Huffman Prairie should be used to train pilots for the war. In May 1917,
the US Signal Corps leased Huffman Prairie and 2,245 acres surrounding
it for a US Signal Corps Aviation School. They named it Wilbur Wright
Five months later, the Signal Corps also established a modest
experimental airplane testing facility near downtown Dayton called
McCook Field. In 1924 concerned Dayton businessmen, aware that the US
Army had outgrown McCook Field, purchased 4500 acres of land, including
Wilbur Wright Field and Huffman Prairie. They donated this to the US
government and in 1927 the expanded facility became Wright Field. The
testing facility at McCook Field, then known as the Air Corp Material
Division, was moved to Wright Field.
In July 1931, a portion of Wright
Field was designated Patterson Field in honor of Lt. Frank Stuart
Patterson, son and nephew of the founders of National Cash Register
Company of Dayton, Ohio. Patterson had died while testing an airplane at
McCook Field. His father and uncle (Frank J. and John H. Patterson) had
been instrumental in buying the land that had become Wright Field and
keeping military aviation in Dayton; the renaming honored them as much
as it did Lt. Patterson. In September 1947, Congress created the United
States Air Force as a separate military service and in January 1948, the
same month that Orville Wright died, Wright Field and Patterson Field
were recombined into Wright-Patterson Air Force Base.
In 1986, a
109-acre tract just east of the Wright brother's original flying field
was designated a State Natural Landmark by the Ohio Department of
Natural Resources, owing to the fact that it was an intact remnant of
Ohio's ancient prairies. This became the Huffman Prairie Conservation
Area .A few years later Wright-Patterson AFB began to restore this area,
hoping to create a botanical environment as close as possible to the
sedge meadow that John Riddell had once studied. Over the years, the
Ohio chapter of The Nature Conservancy and Five Rivers Metroparks (the
Dayton-area park system) also became involved. The conservation effort
waned briefly in 2002, but it was renewed again in 2008 when the Base
committed to eradicating invasive plant species in a 3-acre tract and
reseeding it with prairie flora. The results were not immediate –
botanists have found it can take 5 years or more for a reseeding program
to take effect – but the tract steadily improved. In 2012, the
Base began to reseed roughly half the Prairie Conservation Area and it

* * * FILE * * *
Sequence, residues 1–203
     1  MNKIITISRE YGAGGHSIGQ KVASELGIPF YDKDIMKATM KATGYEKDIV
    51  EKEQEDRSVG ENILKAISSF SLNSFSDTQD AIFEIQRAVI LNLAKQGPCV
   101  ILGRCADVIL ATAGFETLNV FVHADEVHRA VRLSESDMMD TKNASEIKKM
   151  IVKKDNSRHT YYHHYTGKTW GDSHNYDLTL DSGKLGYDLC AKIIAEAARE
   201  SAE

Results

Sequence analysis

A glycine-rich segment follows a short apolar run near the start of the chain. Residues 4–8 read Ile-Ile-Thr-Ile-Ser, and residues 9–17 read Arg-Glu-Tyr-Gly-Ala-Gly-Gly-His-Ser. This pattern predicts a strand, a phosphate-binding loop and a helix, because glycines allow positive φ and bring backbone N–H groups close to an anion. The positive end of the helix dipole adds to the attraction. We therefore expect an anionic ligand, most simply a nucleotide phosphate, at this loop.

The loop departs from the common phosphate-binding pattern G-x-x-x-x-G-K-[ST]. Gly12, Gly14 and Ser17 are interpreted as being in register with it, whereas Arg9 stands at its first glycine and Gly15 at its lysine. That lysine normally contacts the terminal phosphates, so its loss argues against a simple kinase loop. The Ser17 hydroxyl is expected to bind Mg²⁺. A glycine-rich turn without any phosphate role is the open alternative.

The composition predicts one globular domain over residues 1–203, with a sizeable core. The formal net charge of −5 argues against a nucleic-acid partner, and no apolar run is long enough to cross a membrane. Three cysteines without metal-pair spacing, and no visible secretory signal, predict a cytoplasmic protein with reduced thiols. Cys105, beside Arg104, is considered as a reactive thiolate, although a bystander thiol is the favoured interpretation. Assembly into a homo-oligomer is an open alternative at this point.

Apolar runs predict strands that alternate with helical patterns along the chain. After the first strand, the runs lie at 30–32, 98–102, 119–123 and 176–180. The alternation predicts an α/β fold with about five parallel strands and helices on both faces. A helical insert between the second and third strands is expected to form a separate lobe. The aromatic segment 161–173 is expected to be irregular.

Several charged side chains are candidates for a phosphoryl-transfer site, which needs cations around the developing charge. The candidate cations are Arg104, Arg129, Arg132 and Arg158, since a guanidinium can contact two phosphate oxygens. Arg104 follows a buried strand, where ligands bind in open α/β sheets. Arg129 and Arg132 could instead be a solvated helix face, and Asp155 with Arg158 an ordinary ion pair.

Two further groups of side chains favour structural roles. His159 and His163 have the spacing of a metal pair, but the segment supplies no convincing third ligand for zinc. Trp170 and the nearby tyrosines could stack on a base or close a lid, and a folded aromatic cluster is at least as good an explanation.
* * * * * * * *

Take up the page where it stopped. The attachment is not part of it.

too is improving.
In 1990 the 84-acre tract that was the original flying field was
declared a National Historic Landmark. On 17 December 2002 – the 99th
anniversary of the Wrights' first powered flights – that land was
incorporated into the Dayton Aviation Heritage National Historic Park.
It remains part of Wright-Patterson Air Force Base, but it is open to
the public except in times of high military alert or inclement weather.
The flying field is accessible through Gate 16A off Route 444.
The hummocks at Huffman Prairie were probably due to hummock sedge
a common plant in Ohio wetlands.
Interurban electric rail cars.
"Wilbur Wright Field 1923" by John McCoy. The huge airplane is the
Barlington Bomber, a one-of-a-kind experimental aircraft that was
Wright Field in 1930.
Huffman Prairie Flying Field in 2013 still looks much like it did in 1904.
Botanists, however, will tell you the Prairie now hosts many
invasive species of flora that have crowded out the original prairie
The Huffman Prairie Flying Field and State Natural Landmark rest
side by side in Wright-Patterson Air Force Base, Area C. There are
no plans to restore the Flying Field botanically as is being done in
the Natural Landmark, but one can hope. If you would like to know
more about the conservation efforts at Huffman Prairie,
After the first flights on December 17, 1903, Wilbur and Orville's brother
Lorin carried the news to an Associated Press representative Frank Tunison.
Frank also worked as a reporter at the Dayton Journal. Tunison
didn't think the four short flights were newsworthy and declined to run
the story – ironic since Orville and Wilbur had specifically asked the
telegraph operator in Kitty Hawk not to tell the local press; they wanted
to story to come out of Dayton so that their home town would get the
glory. The telegraph operator blabbed anyway, and an inaccurate story
appeared in the Virginia Pilot. This was repeated in the Cincinnati
Enquirer and the New York American on December 18. Later
that same day, the Dayton Daily News ran the first accurate account
of the flight.
Two newspapers that ran a wildly inaccurate account of the first flight.
None of the Wright children had middle names. Instead, their father